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CVD an important risk factor for rapid glaucoma disease progression

21 Jul 2017

Glaucoma patients with cardiovascular disease (CVD) are at an increased risk of rapid disease progression compared with those who do not have the said condition, with progression occurring irrespective of intraocular pressure (IOP) control, according to a study.

Aimed at identifying the intraocular and systemic risk factor differences between a cohort of rapid glaucoma disease progressors vs nonrapid disease progressors, the retrospective case control study included 48 rapidly progressing eyes (progression ≥1 dB mean deviation (MD)/year) and 486 nonrapidly progressing eyes (progression <1 dB MD/year). All patients had ≥5 Humphrey visual fields, and none showed an improvement in MD or had >5 dB MD variation in between visits. The patients did not present with obvious neurological fields.

Researchers collected and analysed clinical and demographic data (age, gender, central corneal thickness [CCT], IOP, refraction, medications), as well as medical, surgical and ocular histories. The main outcome investigated was risk factor differences between the cohorts using the independent t-test, Wald chi-squared and binomial regression analysis.

Compared with nonrapid progressors, rapid progressors were older and had significantly lower CCT and baseline IOPs. Rapid progressors were also more likely to have pseudoexfoliation, disc haemorrhages, ocular medication changes and IOP lowering surgery.

Of note, the rates of CVD and hypotension were significantly higher in the rapid progression vs nonrapid progression group. Patients with CVD were 2.33 times as likely as those without CVD to develop rapidly glaucoma progression despite significantly lower mean and baseline IOPs.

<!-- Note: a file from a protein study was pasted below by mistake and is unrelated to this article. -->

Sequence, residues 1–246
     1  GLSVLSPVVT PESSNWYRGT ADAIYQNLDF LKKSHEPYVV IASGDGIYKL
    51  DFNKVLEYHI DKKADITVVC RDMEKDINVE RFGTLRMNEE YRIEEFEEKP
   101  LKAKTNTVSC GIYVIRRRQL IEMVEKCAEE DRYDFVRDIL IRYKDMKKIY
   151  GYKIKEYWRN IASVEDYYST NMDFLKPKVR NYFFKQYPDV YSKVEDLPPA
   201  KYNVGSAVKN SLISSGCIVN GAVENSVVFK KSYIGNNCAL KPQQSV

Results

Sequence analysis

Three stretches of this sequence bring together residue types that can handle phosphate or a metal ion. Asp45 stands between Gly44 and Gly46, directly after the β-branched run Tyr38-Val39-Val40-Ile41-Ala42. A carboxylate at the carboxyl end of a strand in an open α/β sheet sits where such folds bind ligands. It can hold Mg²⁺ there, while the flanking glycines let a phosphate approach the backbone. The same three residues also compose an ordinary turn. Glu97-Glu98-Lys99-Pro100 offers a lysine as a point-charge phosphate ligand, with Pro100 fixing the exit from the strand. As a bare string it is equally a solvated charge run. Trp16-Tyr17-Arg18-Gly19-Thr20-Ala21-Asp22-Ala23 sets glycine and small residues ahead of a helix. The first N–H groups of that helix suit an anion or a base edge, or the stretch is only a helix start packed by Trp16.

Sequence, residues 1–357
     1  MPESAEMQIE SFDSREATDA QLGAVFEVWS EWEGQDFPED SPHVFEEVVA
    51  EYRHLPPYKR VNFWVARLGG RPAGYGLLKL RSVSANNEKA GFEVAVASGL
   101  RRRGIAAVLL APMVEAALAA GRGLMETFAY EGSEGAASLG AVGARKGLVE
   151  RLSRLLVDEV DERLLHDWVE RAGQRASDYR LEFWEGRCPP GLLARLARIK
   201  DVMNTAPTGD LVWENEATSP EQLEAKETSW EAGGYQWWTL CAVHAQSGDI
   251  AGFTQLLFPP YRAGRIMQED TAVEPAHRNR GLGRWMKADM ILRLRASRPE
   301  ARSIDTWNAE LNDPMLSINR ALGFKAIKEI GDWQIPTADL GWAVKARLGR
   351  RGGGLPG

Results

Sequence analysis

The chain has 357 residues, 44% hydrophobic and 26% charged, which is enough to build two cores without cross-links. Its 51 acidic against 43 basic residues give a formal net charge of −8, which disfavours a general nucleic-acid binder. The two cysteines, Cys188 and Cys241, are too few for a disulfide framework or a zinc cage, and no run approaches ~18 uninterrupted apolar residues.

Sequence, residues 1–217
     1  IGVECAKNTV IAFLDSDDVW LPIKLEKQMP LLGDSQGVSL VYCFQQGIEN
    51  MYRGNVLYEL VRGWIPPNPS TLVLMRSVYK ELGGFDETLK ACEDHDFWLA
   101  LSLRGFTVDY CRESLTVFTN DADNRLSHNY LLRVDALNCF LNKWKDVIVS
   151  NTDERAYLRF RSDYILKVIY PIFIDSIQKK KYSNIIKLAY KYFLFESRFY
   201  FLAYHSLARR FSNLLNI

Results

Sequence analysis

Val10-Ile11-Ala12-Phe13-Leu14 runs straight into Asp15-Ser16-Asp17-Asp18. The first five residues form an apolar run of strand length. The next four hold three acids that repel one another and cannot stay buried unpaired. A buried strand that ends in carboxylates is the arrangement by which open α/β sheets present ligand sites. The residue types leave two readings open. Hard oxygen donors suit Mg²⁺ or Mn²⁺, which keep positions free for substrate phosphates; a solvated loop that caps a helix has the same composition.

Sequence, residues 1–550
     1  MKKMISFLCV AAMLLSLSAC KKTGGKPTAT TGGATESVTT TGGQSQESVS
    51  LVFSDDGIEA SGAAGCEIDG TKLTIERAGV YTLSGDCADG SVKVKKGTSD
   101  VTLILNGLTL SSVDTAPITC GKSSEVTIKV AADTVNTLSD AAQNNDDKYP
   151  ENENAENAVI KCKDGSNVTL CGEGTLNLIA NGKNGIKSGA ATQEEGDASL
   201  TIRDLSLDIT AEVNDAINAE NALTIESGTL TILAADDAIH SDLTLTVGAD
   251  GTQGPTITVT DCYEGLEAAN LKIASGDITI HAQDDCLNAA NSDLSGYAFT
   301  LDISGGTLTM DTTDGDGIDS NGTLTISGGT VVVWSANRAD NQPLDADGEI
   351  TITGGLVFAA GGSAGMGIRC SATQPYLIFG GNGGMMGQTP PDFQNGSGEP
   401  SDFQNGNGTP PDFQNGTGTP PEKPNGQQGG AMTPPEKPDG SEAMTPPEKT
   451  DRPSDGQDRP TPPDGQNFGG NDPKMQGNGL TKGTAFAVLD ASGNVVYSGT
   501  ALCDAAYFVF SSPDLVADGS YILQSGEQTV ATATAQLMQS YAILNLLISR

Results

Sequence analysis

A leading cause of blindness worldwide, glaucoma has been increasingly shown to be associated with CV risk factors, migraine, vasospastic syndrome, optic disc haemorrhage, silent myocardial ischaemia, carotid artery stenosis and altered ocular haemodynamics. Previous studies have also documented vascular dysregulation of the CV system in glaucoma patients. [Arch Ophthalmol 2009;127:888-893]

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Most Read Articles
Roshini Claire Anthony, 23 Nov 2017

The long-term mortality benefit conferred by mechanical over biologic prosthesis in valve replacement appears to be age- and location-dependent, according to findings of a US-based retrospective study.  

10 Jan 2018
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Pearl Toh, 6 days ago
The protective effects of liraglutide against the risks of cardiovascular (CV) events and deaths may be reduced in patients with type 2 diabetes (T2D) who experienced severe hypoglycaemia, but were independent of patient’s history of CV events at baseline, according to post hoc analyses of the LEADER* trial.
01 Aug 2015
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